News: Academic Publishing Weekly

The potential of scholarly podcasts, a dive into textbook subscription models, and the library's shift to digital

By Sabrina Cofer, digital media assistant, Choice
Academic Publishing Weekly: the latest curated news from around the industry. Purple background, white lettering.

Libraries Go Digital

Will libraries return to their pre-pandemic, print-centric ways? Rebecca Pool digs into COVID-19’s acceleration of digital lending and services in academic libraries, and asks whether or not print will return. Representatives from ProQuest, EBSCO, and SAGE Publishing’s Lean Library comment on current trends and challenges: cloud-based services, controlled digital lending, and copyright debates within special collections or archives. Overall, many predict that this digital and remote learning shift will stick around, even in the face of potentially dwindling library budgets. Publishers seem to agree: Bloomsbury recently snatched up Artfilms video streaming service, signaling an ongoing pivot to e-content and video. [Research Information]

Scientific African Provides Platform for African Research

Frustrated with the bias and prejudice facing African researchers, Scientific African launched in 2018 to “provide a prejudice-free platform for research from Africa.” Created by EJ Van Lanen and Marc Chahin of Elsevier and vice president of the African Institute for Mathematical Sciences at the Next Einstein Forum (NEF) Youssef Travaly, the journal features Ghanaian researcher Benjamin Gyampoh as editor-in-chief. Scientific African requires editors and peer reviewers to “have previous experience in research in Africa,” and has largely received praise in the scientific and publishing communities. You know what they say, if you can’t beat ‘em, start your own scientific journal. [NPR]

We’ve discovered that podcasting creates new forms of knowledge that differ fundamentally from traditional scholarship; we are not simply putting the library on tape.

Inside Higher Ed

Podcasting: It’s More Than Just True Crime

It’s no secret that the academy has started to embrace less traditional forms of media (“Who Says Podcasts Aren’t Scholarly?”), but when will podcasts actually enter the classroom? Eleven academics join forces to share their hopes for scholarly podcasts and how to incorporate them into curricula. The scholars touch on the relevance digital media will have even in an in-person learning environment, and the unquestionable popularity of podcasts outside of academia. They suggest assigning podcasts in place of reading assignments and introducing group audio projects to teach skills in research, analysis, and collaboration. Will publishers hop aboard the audio train? [Inside Higher Ed]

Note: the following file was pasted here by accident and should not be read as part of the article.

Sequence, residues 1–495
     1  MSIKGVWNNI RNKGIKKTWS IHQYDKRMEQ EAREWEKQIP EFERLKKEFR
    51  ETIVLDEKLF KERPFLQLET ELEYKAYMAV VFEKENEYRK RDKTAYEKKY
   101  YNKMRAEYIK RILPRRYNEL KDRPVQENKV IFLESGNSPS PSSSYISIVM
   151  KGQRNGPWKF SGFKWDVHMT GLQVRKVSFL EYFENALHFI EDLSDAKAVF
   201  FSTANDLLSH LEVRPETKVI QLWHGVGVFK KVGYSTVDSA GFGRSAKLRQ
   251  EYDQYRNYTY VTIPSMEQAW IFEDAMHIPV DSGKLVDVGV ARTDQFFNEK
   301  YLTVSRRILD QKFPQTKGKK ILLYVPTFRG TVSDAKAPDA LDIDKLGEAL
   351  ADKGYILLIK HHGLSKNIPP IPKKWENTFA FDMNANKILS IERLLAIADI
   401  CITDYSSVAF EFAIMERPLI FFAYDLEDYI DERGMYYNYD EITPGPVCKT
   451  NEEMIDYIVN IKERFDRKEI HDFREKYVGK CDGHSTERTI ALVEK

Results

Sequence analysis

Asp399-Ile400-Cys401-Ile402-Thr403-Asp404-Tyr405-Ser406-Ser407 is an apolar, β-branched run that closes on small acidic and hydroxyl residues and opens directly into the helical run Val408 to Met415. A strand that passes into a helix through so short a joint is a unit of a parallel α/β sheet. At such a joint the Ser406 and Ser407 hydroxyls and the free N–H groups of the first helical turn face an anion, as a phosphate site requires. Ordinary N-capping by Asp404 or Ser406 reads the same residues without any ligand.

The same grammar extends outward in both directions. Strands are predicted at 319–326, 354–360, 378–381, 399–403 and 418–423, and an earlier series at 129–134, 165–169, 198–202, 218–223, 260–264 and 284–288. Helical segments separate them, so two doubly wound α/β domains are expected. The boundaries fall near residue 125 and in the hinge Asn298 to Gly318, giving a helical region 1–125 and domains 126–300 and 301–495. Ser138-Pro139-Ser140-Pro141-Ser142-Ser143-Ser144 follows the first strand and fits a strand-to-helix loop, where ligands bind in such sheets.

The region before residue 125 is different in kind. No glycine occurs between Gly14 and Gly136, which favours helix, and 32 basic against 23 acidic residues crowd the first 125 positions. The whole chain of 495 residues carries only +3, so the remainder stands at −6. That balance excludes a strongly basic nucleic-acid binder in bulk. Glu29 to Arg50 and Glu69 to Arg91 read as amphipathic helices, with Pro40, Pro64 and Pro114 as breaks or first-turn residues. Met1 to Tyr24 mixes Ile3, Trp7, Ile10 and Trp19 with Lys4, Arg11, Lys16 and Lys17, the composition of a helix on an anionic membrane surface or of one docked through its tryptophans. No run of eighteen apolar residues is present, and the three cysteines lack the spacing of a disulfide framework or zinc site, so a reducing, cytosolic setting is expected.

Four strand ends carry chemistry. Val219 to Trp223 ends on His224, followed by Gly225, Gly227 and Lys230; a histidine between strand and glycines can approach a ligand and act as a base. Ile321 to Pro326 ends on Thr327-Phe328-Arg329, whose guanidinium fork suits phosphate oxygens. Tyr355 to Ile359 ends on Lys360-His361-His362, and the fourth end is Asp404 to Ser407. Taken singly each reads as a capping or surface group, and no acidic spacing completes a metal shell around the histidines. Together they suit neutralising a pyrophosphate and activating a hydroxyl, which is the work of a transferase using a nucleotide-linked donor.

Recurring Charges for Textbooks?

As Netflix-esque textbook subscription models gain prevalence—the Pearson app (“Textbooks Get the App Treatment”) just dropped this past summer—questions of affordability and equity remain. Are these textbook subscription services actually more affordable for students? Nadia Tamez-Robledo digs into the ins and outs of this latest model, highlighting perspectives from Pearson, open education advocates, and students. Topics include student data, the secondary market of reselling books, and the debate between cost and features. Does the ability to highlight text on a tablet really outweigh a steep price tag? [EdSurge]

Really Running on a Digital Theme This Week, Huh?

De Gruyter logo

Berlin-based publisher De Gruyter completed its four-year De Gruyter Book Archive project, “[digitizing] editions of more than 53,000 titles, some of which date to 1749.” The publisher collaborated with multiple institutions to find, sort, and scan the archival materials, which “are now available as indexed PDFs with full text search.” This project plays a role in the overarching digital transformation at De Gruyter; the publisher revamped its infrastructure into a modern platform and has welcomed several new technological initiatives. [Publishing Perspectives]

Academic Publishers Take Pirates to Court

This week, Cengage, Elsevier, Macmillan Learning, McGraw Hill, and Pearson won a preliminary injunction against a group of pirate sites. Originally filed in August 2021, this action “[blocks] the operations of some 60 anonymously controlled websites accused of selling ‘illegal, unlicensed copies’ of digital editions of the publishers’ books.” More than simply shutting down the sites, the injunction also affects support services like search engines, payment processors, and proxy service providers. Well, that’s one way to lose your treasure. [Publishers Weekly]